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King Alfred's Viking eBook

Charles Whistler
This eBook from the Gutenberg Project consists of approximately 234 pages of information about King Alfred's Viking.

“Ho, men,” I said, when I saw that, “get to arms; for here they come to speak with us.  Maybe we shall have to fight—­and these are no easy nuts to crack!”

Whereat the men laughed; and straightway there was the pleasant hustle and talk of those who donned mail shirt and helm and set the throwing weapons to hand with all good will.

“Let us keep on our course,” I said to Kolgrim.  “We will see if we cannot weather on these ships, and anyway shall fight them better apart from the rest.  It is a fine breeze for a sailing match.”

So we held on; and the two great ships to windward of us began to gain on us slowly, which was a thing that had never been done by any ship before.  I do not know that even Harald Fairhair had any swifter ship than this that Halfdan had taken in his flight from home.  Kolgrim waxed very wroth when it became plain that these could outsail us.

“There is witchcraft about those great hulks,” he growled.  “They are neither Norse, nor Frisian, nor Danish, but better than all three put together.”

“I have sailed in ships, and talked of ships, and dreamed of them moreover, since I could stand alone,” said Thord, “but I never so much as thought of the like of these.  If they belong to some new kind of viking, there are hard times in store for some of us.”

“Faith,” said I, “I believe they have swept up and made prizes of all that medley astern of them.”

So we held on for half an hour, and all that time they gained steadily on us; and we neared them quickly at last, for we tried to hold across their bows and weather on them.  That was no good, for they were as weatherly as we.

Now we could see that their decks were covered with armed men, and it seemed certain that they meant to make prize of us.  The leading ship was maybe half a mile ahead of the other, and that a mile from us—­all three close-hauled as we strove to gain a weather berth.  Then the leading ship put her helm up and stood across our course, and the second followed her.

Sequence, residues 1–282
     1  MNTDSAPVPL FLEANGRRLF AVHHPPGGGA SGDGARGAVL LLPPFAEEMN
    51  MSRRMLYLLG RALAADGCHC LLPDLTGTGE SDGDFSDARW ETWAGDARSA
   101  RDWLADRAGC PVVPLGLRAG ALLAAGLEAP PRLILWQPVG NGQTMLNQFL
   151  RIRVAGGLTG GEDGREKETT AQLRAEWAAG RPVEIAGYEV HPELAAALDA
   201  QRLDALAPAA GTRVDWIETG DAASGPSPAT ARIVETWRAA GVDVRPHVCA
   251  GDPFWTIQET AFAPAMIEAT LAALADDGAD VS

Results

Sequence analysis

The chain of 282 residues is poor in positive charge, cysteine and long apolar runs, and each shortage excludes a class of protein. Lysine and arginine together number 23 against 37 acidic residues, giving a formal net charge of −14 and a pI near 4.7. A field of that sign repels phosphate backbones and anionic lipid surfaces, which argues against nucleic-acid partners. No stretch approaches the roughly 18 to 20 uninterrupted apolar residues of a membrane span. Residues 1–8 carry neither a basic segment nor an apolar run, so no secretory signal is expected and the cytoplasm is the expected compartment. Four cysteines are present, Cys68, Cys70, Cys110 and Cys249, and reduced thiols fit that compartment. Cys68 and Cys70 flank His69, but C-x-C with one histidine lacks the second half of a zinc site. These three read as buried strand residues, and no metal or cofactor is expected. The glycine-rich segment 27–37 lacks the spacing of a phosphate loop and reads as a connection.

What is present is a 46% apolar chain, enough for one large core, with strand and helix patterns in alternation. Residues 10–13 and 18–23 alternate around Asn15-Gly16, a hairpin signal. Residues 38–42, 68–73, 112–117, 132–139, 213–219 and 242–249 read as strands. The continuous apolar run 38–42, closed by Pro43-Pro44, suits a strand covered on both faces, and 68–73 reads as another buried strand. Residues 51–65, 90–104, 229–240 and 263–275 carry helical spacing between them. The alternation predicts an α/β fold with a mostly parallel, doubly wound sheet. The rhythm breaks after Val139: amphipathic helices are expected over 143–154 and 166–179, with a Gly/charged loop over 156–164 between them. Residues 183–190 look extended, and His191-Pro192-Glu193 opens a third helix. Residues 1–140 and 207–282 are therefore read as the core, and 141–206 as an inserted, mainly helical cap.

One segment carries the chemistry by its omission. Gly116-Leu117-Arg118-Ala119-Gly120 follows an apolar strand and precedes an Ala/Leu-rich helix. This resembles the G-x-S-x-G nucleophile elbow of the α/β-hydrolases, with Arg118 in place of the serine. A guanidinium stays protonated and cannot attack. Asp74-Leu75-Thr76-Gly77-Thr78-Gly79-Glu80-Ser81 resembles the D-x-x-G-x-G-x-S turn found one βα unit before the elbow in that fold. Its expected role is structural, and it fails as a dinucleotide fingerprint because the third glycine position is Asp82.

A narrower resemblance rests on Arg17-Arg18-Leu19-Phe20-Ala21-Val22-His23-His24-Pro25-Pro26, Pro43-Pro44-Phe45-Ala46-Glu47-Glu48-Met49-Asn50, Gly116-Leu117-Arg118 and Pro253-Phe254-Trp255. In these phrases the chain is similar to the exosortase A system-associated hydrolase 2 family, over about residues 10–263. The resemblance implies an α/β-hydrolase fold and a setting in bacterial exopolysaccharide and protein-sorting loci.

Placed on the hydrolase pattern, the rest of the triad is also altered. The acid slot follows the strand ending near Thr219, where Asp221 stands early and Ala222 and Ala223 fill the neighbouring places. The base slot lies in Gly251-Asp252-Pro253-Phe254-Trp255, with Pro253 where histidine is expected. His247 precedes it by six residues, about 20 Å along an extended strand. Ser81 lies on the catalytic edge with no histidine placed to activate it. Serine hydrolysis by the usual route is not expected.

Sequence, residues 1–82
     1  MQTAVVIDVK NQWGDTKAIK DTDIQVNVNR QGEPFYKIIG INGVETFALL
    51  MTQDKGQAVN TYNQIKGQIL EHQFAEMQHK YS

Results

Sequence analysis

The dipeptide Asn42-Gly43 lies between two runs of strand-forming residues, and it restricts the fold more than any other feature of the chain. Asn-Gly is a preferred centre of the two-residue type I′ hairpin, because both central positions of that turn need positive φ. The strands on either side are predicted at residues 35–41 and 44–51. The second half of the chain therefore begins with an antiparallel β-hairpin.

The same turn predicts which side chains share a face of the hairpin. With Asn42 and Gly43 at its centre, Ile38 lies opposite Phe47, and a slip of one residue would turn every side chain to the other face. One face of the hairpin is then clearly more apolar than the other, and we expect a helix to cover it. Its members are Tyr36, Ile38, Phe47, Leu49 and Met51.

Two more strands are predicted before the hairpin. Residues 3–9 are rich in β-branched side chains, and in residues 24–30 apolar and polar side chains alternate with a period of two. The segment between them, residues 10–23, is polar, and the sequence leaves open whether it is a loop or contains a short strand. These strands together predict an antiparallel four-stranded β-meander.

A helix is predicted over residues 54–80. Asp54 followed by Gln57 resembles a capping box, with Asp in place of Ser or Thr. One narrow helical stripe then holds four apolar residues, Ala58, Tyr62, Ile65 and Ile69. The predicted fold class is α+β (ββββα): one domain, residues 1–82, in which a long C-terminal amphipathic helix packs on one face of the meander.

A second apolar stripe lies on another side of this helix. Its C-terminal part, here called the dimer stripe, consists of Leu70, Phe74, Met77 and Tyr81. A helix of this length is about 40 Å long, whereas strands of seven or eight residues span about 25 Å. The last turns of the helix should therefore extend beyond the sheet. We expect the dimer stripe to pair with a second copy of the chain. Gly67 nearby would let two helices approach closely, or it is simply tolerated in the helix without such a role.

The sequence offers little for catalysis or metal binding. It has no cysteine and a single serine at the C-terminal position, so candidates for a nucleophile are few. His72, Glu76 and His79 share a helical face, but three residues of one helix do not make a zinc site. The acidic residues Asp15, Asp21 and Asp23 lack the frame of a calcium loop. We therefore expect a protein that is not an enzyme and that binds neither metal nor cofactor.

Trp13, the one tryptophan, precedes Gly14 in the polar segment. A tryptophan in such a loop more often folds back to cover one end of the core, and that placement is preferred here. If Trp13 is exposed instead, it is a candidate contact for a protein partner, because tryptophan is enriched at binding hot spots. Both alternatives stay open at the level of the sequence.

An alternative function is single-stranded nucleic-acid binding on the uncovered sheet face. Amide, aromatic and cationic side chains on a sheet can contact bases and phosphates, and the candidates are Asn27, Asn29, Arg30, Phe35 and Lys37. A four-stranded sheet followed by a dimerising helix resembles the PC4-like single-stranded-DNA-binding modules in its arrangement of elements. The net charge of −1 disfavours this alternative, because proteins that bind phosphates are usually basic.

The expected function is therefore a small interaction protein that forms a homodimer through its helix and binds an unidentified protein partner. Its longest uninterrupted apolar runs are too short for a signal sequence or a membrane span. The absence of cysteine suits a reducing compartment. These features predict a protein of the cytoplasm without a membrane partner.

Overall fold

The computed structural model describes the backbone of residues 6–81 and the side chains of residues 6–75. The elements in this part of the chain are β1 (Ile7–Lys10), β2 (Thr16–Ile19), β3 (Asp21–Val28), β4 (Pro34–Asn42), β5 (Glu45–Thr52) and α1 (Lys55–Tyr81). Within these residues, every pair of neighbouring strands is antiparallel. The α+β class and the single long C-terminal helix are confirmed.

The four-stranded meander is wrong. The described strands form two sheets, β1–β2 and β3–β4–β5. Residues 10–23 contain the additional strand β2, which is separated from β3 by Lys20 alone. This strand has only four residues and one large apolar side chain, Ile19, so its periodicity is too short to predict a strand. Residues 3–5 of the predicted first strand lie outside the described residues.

“We must out oars now if we are to weather on them,” said Kolgrim at last.

Then the men shouted; and I looked at the second ship, to which they were pointing.  Her great sail was overboard, for the halliards had gone—­chafed through maybe, or snapped with the strain as she paid off quickly.  Then a new hope came to me.

“Men,” I said, “let us take the other vessel, and then come back on this; they are worth winning.”

They cheered.  And now the fight seemed to be even—­ship to ship at least, if our foe was larger and higher and swifter than ours; for I thought that he would hardly have a crew like mine.

We up helm and stood away on the new course the foe had taken, leaving the crippled ship astern very fast.  And now we began to edge up towards the other vessel, meaning to go about under her stern, and so shoot to windward of her on the other tack.  But then I thought of a plan which might help us in the fighting.  There had seemed little order and much shouting on board the ship we had left when her sail fell, and maybe there was the same want of discipline here.

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